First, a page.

My seeds have sprouted and now I am just waiting for them to grow...and for the spring to actually become springy! The dog walk was FRIGID and WINDY this morning, so when I came in, I decided to make soup. What's better, on a cold day, than having a simmering pot of fragrant soup on the stove?
Now-- I just want to prepare you for the fact that I have a casual approach to recipes! I think that the joy of cooking happens when you are using your hands to measure, toss, and sprinkle, and letting your creativity and your food supply lead the way! Feel free to make substitutions. As long as you are using good ingredients, everything should turn out alright. Have some fun!
So, I started by making the stock (but of course you don't have to -- a nice prepared chicken broth will be fine!). If you are up for the stock-making, first put a chicken carcass in a pot (be sure to save all the yucky-looking but great-tasting gelatinous drippings from the pan or plate for later!) cover it with water, and put it on to boil. Meanwhile, gather up some flavorings...
Let simmer ( and warm up your kitchen!) for an hour or two. The longer it simmers, the more flavorful it will be. When you're ready, take the pot off the heat, and put the chicken on a plate to cool.
Now we'll move on to the soup! If you are using store-bought stock, start here.
Drizzle a few circles of olive oil into a large pot. Add a chopped onion, a couple of chopped carrots, and a couple of stalks of sliced celery, and saute til slightly softened. As you can see, I used carrots that I had frozen last fall -- some yellow and some red.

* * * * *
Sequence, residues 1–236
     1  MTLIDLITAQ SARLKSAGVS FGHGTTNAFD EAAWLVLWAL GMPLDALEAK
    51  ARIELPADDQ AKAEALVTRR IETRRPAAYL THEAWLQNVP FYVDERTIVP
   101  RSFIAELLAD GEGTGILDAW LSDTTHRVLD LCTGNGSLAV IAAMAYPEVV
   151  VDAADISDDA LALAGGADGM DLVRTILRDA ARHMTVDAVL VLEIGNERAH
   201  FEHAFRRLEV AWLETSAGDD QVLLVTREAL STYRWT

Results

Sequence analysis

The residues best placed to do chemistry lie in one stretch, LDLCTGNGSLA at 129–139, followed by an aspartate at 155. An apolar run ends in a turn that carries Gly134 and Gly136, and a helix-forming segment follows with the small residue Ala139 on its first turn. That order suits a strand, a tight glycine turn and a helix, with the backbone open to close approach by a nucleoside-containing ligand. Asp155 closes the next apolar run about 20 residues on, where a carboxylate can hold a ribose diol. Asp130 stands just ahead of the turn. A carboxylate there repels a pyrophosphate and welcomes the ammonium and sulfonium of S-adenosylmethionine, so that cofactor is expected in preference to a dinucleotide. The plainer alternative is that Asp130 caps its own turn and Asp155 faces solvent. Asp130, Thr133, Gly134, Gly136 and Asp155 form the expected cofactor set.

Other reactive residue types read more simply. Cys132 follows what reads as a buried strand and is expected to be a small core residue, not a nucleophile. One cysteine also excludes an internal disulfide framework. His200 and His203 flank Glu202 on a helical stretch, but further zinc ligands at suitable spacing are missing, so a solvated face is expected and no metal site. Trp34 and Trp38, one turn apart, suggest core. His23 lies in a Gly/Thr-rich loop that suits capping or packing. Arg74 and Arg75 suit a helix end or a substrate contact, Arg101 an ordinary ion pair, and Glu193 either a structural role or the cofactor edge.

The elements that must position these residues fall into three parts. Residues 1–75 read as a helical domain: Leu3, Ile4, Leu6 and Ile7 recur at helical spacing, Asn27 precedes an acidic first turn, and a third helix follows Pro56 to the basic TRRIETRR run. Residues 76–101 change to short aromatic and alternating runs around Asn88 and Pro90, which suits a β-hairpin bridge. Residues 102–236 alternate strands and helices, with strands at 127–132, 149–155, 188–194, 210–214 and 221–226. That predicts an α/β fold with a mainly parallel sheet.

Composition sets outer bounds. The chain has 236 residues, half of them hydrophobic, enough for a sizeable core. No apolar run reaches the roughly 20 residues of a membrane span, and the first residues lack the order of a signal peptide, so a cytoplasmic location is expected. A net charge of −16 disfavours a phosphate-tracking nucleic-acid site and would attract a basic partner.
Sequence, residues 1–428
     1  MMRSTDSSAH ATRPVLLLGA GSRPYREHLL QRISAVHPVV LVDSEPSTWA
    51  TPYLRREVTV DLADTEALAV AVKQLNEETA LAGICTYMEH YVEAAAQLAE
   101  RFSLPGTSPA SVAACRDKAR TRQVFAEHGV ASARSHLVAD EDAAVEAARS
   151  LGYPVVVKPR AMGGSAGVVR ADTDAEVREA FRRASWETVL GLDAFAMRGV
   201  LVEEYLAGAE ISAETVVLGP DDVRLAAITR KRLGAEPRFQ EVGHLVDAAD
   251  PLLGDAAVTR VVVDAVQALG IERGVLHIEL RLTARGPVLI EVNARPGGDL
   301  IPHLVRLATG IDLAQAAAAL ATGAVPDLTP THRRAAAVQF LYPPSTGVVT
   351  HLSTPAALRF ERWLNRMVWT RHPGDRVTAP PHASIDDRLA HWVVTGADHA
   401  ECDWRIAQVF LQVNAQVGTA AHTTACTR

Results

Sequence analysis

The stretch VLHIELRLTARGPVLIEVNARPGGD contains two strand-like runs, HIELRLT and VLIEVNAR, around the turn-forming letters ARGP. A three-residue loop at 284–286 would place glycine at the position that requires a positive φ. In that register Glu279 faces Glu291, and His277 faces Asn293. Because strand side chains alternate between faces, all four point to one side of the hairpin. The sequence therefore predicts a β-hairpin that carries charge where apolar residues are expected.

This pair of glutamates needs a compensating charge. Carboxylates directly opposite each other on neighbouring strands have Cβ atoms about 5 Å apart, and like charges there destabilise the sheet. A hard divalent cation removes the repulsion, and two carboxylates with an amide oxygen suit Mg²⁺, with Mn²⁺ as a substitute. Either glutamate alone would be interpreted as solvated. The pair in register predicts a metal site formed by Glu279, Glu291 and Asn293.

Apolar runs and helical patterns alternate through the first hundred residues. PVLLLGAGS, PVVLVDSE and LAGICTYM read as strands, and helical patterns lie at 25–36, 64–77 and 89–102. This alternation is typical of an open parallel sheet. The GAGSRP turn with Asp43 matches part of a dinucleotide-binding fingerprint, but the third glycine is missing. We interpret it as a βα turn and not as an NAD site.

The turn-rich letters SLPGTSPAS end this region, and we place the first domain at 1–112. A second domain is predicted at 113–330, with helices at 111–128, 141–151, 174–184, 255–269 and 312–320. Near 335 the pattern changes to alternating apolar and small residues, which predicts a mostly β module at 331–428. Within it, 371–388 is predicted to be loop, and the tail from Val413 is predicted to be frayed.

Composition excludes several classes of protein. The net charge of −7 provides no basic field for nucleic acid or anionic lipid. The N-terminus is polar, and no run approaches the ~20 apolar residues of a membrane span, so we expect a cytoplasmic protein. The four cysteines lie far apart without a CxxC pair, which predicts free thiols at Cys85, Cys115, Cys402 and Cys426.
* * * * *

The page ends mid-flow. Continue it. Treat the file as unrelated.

Meanwhile, pick all the remaining chicken off the chicken carcass. Or chop up some raw chicken into small pieces. Or both!
If you have the gel and drippings from the chicken, add it now, and stir. ( it makes a BIG difference!) Then either pour your homemade chicken stock mixture through a colander into your pot, or add a couple of boxes of chicken stock. Bring to a simmer.
Add the chicken and 4 big handfuls of rice -- maybe 1/2 cup-- and simmer for about 1/2 hour, until rice is almost done. Then add broccoli and green beans ( again, I used my frozen ones)
and simmer about 10 minutes more. And that's it!
Although it should be delicious as it is, I think any soup really benefits from cooling and reheating. And that's one of the great things about soup! It makes enough for a lot of meals, and it just gets better as time goes by! And if I've made more than I think we can eat in several days, I put some into pint ball jars, (filled to about an inch from the top) label them with painters tape, and put them in the freezer. All set for another day! Yum!